A.Defendants Salama and Allison
Plaintiff's claim against Defendant Allison accrued at the latest on December 10, 2002, when Plaintiff was transferred to CSP. Plaintiff's claim against Defendant Salama appears to have accrued by May 21, 2002, when an infection occurred because of the temporary catheter. This action was filed on May 17, 2011. Thus, absent equitable tolling or other equitable relief, Plaintiff's action would be untimely filed.
Plaintiff contends that he first filed his claims against Defendants in Case No. 1:05-cv-01284-LJO-BAM, Calloway v. Warden Corcoran State Prison, et al.*fn3 Plaintiff contends that his medical care claims were dismissed without prejudice to re-filing. Plaintiff is effectively contending that the time for filing should be tolled.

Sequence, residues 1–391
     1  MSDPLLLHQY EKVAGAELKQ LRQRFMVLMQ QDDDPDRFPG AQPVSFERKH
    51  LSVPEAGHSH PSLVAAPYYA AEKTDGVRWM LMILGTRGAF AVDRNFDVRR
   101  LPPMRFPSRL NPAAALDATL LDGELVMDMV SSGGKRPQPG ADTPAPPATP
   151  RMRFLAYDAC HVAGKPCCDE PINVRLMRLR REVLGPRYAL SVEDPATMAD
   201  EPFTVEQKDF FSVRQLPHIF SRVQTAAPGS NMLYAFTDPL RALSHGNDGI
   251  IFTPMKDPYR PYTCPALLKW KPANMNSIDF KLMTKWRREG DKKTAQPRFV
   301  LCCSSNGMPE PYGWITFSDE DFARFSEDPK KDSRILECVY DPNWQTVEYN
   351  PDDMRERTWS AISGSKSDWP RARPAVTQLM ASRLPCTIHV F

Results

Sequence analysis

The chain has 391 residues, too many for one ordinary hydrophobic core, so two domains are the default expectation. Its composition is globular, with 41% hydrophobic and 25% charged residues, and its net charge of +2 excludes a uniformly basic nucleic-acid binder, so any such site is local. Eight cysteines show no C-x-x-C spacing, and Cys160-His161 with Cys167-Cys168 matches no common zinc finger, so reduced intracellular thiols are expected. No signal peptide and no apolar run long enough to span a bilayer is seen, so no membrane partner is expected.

As with the limitations period, equitable tolling is borrowed from the forum state, California.
Fink v. Shedler, 192 F.3d 911, 914 (9th Cir. 1999). "Under California law, a plaintiff must meet 3 three conditions to equitably toll a statute of limitations: '1) defendant must have had timely notice 4 of the claim; (2) defendant must not be prejudiced by being required to defend the otherwise barred 5 claim; and (3) plaintiff's conduct must have been reasonable and in good faith.'" Id. at 916 (quoting 6
Bacon v. City of Los Angeles, 843 F.2d 372, 374 (9th Cir. 1988)). 7